Page speaks on recognizing our bias and being intentional about challenging them
On Sept. 23, former Minnesota Supreme Court Justice Alan C. Page was the first speaker for the Learning the Language of Diversity and Meaningful Inclusion program. The event was held through a Zoom call, where over 130 participants virtually attended. The program is sponsored by the Northern Plains Ethics Institute (NPEI) at NDSU; the College of Arts, Humanities and Social Sciences; and the YWCA Cass Clay and Humanities ND.
According to NPEI, this project is intended to create a series of conversations about racism. The goal is to educate students and other attendees about the issues and complexities involved, as well as help them build skills and values that provide a positive benefit for themselves and their communities.
Page graduated from Canton Central High School in Ohio in 1963. He studied at the University of Notre Dame while having a successful football career. He graduated with a B.A. in political science in 1967 after leading the school’s football program to the 1966 national championship. He was a first-round draft choice of the Minnesota Vikings in 1967 and played for them until 1978, where he spent his last three years playing for the Chicago Bears.
Page played in 218 consecutive games and earned All-Pro honors six times. He was voted to nine consecutive Pro Bowls and was named the NFL’s Most Valuable Player in 1971, becoming the second defensive player in history to receive this title. In 1988 Page was inducted into the Pro Football Hall of Fame and in 1993 he was inducted into the College Football Hall of Fame.
A Second Career in Law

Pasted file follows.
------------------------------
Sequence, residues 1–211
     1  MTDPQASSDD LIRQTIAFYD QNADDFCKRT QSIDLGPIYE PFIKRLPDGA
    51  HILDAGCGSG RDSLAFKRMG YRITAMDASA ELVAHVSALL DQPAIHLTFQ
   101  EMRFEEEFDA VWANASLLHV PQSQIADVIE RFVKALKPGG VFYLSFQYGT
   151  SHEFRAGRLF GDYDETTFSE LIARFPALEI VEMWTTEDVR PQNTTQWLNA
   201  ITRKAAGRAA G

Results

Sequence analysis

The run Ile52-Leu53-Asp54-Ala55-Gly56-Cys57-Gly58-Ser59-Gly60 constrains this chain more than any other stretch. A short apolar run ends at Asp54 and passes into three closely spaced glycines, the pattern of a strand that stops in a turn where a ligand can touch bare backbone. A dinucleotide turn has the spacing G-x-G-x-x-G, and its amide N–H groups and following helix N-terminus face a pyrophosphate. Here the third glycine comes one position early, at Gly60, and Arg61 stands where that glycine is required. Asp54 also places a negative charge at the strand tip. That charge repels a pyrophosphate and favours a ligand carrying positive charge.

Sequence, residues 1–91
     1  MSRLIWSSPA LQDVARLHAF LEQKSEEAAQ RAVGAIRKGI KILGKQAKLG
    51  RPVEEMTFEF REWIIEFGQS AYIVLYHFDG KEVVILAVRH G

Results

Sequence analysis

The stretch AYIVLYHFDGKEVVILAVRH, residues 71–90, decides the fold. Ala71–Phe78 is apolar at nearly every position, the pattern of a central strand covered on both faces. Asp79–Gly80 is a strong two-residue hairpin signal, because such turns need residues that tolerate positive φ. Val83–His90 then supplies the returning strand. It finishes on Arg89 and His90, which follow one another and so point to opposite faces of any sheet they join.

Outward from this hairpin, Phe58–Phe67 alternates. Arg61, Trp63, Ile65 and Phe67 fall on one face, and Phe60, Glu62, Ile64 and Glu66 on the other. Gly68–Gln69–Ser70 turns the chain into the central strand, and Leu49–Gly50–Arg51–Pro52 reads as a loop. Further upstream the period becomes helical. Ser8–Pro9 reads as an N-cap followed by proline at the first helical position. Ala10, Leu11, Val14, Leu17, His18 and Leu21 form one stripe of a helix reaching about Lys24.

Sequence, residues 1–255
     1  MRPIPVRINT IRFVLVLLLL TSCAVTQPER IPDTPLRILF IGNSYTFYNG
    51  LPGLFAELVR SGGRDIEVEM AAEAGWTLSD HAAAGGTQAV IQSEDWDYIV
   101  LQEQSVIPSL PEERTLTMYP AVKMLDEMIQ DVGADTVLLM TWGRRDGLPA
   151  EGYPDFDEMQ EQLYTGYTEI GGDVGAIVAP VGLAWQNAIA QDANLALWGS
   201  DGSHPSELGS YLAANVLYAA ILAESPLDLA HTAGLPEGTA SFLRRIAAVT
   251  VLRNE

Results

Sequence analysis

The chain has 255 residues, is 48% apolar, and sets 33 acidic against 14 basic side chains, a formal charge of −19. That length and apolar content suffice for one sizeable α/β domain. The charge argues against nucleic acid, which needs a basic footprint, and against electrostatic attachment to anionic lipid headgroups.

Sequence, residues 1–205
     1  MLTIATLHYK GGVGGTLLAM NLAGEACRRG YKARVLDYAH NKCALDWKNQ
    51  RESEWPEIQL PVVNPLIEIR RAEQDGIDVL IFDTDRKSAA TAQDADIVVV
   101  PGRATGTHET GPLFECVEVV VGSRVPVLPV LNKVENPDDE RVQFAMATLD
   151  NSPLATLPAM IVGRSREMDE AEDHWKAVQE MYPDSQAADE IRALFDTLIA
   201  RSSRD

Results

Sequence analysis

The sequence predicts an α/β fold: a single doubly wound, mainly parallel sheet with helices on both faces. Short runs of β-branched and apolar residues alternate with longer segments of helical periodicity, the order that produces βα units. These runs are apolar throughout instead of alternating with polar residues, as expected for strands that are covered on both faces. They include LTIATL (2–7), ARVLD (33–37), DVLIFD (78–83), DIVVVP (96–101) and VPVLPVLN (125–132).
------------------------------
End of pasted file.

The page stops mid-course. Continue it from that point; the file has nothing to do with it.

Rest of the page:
Page continued his education after his football career, earning his J.D. from the University of Minnesota Law School in 1978. He worked for several years as an attorney before being one of the few associate justices ever to be elected to the Minnesota Supreme Court in 1992, rather than being appointed by the governor. Page was reelected in 1998, 2004 and 2010 and served until the mandatory retirement age of 70 in 2015. In 2018 Page received the Presidential Medal of Freedom.
Speaking on Diversity
Page spoke on many issues involving racism and discrimination as well as the current pandemic and policing issues.
“It’s difficult [to talk about race] because no one wants to be perceived as a racist. The fact is that all of us have bias. The question is how all of us as individuals and society deal with those biases,” Page said.
Page said that his mentor always told him to “never whisper justice” and that he always tried to live up to that. “Justice is about treating people fairly,” Page said. “We all have biases and to eliminate those biases, we have to be intentional about it.”
Page gave an anecdote from when he was younger when the children in his neighborhood would bully a particular boy who was effeminate. From this experience, Page realized that if he were to expect other people to treat him fairly, then he should treat others with that same fairness. “Do good, avoid evil. Seek excellence, not for the sake of the reward, but for the sake of achieving your highest self. Respect others, respect yourself and be honest,” Page said.
“The more views that you have coming from different perspectives, the richer the thinking is, the better the decision making is and the better the decisions that are made are,” Page said. “We enrich each other. We actually fail ourselves when we don’t enrich each other.”
Speaking on the Pandemic
Page spoke about COVID-19 and how he is stunned at the lack of national leadership and the lack of a national plan to deal with the pandemic. “Everybody’s doing something different. There is no coordinated effort,” Page said. “We are all entitled to our own opinions. We are not entitled to our own facts.”